A Specialist’s Perspective on Cardiovascular Disease in Women: C Noel Bairey Merz, MD

Q: What makes the WHA different?

Public messaging and government advocacy regarding sex and gender differences in cardiovascular disease are what makes the WHA different from other organizations.

The WHA is effectively pushing for policy change. For example, it was announced last year at the National Institutes of Health (NIH) if a researcher is doing NIH-funded research in a basic science area before he or she is awarded any money, they have to explain how both male and female animal models will be incorporated.

In addition, in response to advocacy and commitment by congress, the US Food and Drug Administration now has a new website called Snapshot. Any study subjected to this new NIH policy must state whether there were any differences in benefits and side effects among sex, race, and age groups in the testing of a drug or device. In other words, how many people like you were represented in a clinical trial; has this treatment been adequately tested in people like me?

The AHA goes after public health in a more generic sense, which is good (eg, lowering salt intake, anti-smoking campaigns, healthy food in schools for kids). But so often the policies do not include anything specific about women.

For example, in the “Life’s Simple 7” campaign7,  weight management is considered a top priority, but our research shows that is a turn-off issue for women.3,4 Men will be prescribed cholesterol meds, blood pressure meds, etc., while women will be told to lose weight. In fact, many women reported in our survey that they will put off going to the doctor until they have lost weight.3,4

And finally, the AHA strategy seems to suggest that men and women are the same. But women and men are not the same. Weight is not an important risk factor—not exercising or not eating right are more important. In my clinical experience, women do care about what they eat. Women feed families, so food and healthy nutrition speak to them.

None of the validated public and medical tools use weight as a risk factor for cardiovascular disease, including the A-risk score (Atherosclerotic Cardiovascular Disease or ASCVD score), the European Society of Cardiology (ESC) Score, and the Reynolds Risk Score.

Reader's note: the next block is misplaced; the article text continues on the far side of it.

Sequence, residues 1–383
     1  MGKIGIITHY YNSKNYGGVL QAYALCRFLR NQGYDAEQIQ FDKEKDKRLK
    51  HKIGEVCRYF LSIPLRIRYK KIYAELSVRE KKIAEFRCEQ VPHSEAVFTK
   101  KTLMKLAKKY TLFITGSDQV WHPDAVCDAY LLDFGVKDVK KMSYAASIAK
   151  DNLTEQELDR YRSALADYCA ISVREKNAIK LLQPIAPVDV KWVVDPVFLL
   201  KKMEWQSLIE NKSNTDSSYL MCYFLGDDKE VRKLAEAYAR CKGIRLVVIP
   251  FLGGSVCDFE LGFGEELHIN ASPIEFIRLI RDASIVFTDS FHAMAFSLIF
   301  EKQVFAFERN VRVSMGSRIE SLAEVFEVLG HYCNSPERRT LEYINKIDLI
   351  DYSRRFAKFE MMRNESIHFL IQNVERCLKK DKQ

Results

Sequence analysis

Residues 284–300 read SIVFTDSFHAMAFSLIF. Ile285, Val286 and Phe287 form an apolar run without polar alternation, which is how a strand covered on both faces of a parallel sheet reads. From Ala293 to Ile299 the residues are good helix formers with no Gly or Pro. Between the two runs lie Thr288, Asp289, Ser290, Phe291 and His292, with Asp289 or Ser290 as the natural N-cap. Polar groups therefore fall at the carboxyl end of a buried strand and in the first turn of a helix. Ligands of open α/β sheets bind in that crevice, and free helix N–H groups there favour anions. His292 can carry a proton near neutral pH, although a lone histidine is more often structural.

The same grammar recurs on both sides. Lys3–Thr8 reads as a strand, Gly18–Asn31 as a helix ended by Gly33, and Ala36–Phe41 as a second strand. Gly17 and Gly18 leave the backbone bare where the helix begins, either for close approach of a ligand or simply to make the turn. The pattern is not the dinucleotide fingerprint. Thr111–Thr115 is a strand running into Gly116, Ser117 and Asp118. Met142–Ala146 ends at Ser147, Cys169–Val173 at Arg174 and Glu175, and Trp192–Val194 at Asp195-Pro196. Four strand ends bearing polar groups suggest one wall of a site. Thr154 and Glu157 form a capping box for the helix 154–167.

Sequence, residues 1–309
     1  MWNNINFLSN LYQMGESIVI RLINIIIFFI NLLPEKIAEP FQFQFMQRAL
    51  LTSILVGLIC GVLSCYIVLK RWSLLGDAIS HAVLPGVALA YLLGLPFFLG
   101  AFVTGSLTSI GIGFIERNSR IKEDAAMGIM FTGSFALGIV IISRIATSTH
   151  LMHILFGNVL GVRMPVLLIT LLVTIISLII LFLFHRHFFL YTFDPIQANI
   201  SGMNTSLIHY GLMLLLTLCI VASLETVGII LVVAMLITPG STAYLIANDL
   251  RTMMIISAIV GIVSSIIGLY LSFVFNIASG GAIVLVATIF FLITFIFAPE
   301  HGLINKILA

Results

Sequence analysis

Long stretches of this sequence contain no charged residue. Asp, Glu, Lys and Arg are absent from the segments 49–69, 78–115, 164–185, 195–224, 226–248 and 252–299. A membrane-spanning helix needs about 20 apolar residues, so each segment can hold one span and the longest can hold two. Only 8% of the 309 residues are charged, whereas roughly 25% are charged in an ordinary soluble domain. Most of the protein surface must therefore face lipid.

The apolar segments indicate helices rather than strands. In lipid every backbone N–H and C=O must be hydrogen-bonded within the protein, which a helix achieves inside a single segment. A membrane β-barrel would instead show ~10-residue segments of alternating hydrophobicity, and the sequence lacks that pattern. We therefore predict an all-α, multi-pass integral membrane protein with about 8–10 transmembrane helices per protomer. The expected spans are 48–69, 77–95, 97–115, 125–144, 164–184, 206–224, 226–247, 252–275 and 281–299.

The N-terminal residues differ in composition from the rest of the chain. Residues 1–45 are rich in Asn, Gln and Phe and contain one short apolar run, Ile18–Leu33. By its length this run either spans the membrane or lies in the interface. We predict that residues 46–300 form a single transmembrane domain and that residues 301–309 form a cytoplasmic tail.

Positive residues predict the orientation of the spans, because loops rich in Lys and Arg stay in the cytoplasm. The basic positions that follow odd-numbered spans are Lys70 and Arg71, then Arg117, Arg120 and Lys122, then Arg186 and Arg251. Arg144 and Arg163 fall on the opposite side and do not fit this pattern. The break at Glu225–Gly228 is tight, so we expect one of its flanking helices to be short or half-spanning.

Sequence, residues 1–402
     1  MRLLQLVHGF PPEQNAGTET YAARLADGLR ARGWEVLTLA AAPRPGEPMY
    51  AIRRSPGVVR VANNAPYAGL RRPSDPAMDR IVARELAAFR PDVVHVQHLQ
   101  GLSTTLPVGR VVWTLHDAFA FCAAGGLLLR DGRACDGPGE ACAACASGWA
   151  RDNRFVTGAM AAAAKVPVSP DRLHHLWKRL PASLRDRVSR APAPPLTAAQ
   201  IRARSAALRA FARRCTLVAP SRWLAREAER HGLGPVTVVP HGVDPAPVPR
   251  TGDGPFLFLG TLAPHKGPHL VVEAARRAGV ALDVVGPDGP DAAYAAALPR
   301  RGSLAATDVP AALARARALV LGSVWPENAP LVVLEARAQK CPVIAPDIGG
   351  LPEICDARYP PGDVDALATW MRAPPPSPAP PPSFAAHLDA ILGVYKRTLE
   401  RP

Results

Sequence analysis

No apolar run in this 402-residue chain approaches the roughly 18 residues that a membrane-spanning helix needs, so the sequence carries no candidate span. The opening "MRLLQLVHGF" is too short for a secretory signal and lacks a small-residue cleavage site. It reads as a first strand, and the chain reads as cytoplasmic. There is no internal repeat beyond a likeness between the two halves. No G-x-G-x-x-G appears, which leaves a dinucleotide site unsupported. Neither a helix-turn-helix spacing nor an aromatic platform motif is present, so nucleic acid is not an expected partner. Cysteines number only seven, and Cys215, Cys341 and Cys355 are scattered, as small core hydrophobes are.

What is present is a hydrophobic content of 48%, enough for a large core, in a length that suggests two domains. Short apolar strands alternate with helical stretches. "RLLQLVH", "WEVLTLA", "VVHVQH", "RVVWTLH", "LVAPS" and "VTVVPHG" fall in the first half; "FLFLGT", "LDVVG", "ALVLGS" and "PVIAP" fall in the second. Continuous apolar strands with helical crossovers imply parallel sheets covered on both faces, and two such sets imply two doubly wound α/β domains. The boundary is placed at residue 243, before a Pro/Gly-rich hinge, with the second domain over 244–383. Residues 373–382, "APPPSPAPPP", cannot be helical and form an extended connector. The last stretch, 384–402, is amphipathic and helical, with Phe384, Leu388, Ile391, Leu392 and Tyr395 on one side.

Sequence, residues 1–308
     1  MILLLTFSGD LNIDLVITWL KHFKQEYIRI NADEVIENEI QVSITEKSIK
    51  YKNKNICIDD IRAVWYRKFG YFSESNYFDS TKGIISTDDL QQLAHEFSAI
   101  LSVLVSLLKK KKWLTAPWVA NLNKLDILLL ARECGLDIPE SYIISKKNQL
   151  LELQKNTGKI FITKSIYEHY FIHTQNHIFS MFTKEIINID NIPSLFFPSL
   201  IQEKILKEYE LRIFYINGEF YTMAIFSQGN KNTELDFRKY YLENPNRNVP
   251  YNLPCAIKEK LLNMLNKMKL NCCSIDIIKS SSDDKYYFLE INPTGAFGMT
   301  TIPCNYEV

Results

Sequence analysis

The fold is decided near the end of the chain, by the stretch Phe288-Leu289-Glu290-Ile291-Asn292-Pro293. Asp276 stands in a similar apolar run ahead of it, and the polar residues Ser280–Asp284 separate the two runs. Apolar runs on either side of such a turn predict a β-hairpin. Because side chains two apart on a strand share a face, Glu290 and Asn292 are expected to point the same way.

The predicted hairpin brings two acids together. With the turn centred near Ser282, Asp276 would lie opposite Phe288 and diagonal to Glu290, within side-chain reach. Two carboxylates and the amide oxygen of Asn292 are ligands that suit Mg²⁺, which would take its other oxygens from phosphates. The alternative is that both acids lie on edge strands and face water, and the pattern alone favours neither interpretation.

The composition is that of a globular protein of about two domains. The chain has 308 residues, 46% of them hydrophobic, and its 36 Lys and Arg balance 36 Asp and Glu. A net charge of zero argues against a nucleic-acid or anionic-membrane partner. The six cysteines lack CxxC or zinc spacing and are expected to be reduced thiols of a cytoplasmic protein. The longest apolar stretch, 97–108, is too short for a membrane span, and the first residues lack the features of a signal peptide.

The ASCVD risk score incorporates gender, age, race, total cholesterol, HDL-cholesterol, diabetes, hypertension, and smoking statuses8, and the ESC Score also uses similar factors, minus race and diabetes status.9 Reynolds Risk Score calculates a 10-year risk of heart attack based on gender, age, smoking status, blood pressure, total cholesterol, HDL and LDL-cholesterol, high-sensitivity C-reactive protein, and whether or not a patient’s mother or father had a heart attack prior to age 60.10

Using BMI to assess weight is not always effective. For example, a 6-foot tall woman is going to weigh more than a shorter woman. BMI for a tall, thin model could be 17 or 18 while overweight women may have a BMI of 25 or above. But there’s a J shaped curve—with a higher mortality under 18.5 and over 25. The sweet spot is to be right in that middle range, and most “overweight” women are in that range.

In order to reach more of the public, we’re working with various women’s magazines (eg, Women’s Day, Glamour, Ladies Home Journal) to bust the myth of what is considered healthy, and to remove some focus from the weight issue. For example, we encourage them to use models that are of average weight.

Women are evaluated  for their appearance and this extends into healthcare, resulting in an over-emphasis on weight for women, distracting attention from effective treatment. Physicians, nurses, etc. all have some gendered lenses on, but guidelines should help us do the right thing. For example, if you have diabetes, you should be offered a statin, but women are less likely to get this compared to men.

Q: Your colleague, Dr Holly Andersen, pointed out that each year cardiology conferences like AHA have become more focused on prevention. How can the medical community improve upon this?

The medical community should follow existing guidelines. Women’s cardiovascular health would improve if we adhered better to the regular prevention and treatment guidelines. Women are less likely to be seen by a cardiologist with and after a heart attack for unclear referral reasons.11

The results of the VIRGO study, which assessed gender differences in outcomes following myocardial infarction in young men and women, were recently published, and the question surfaced, Why is the incidence of cardiovascular events increasing in young women and decreasing in young men?12

While the study is retrospective, it also asked the patients what types of medications they were on prior to the heart attack and what their doctors had advised them to do. Recall isn’t 100% accurate, but the intakes at the hospitals were very revealing. The electronic medical records showed that men were more likely to be on a statin than women.12

And although the women were more likely to be diabetic, which is a stronger risk factor for cardiovascular disease, they were less likely to be placed on cholesterol-lowering medications. In addition, women were more likely to be told to lose weight even though men were more likely to be more overweight. This signals to me that we have societal objectification of women—men get their cholesterol levels checked and women are told to lose weight.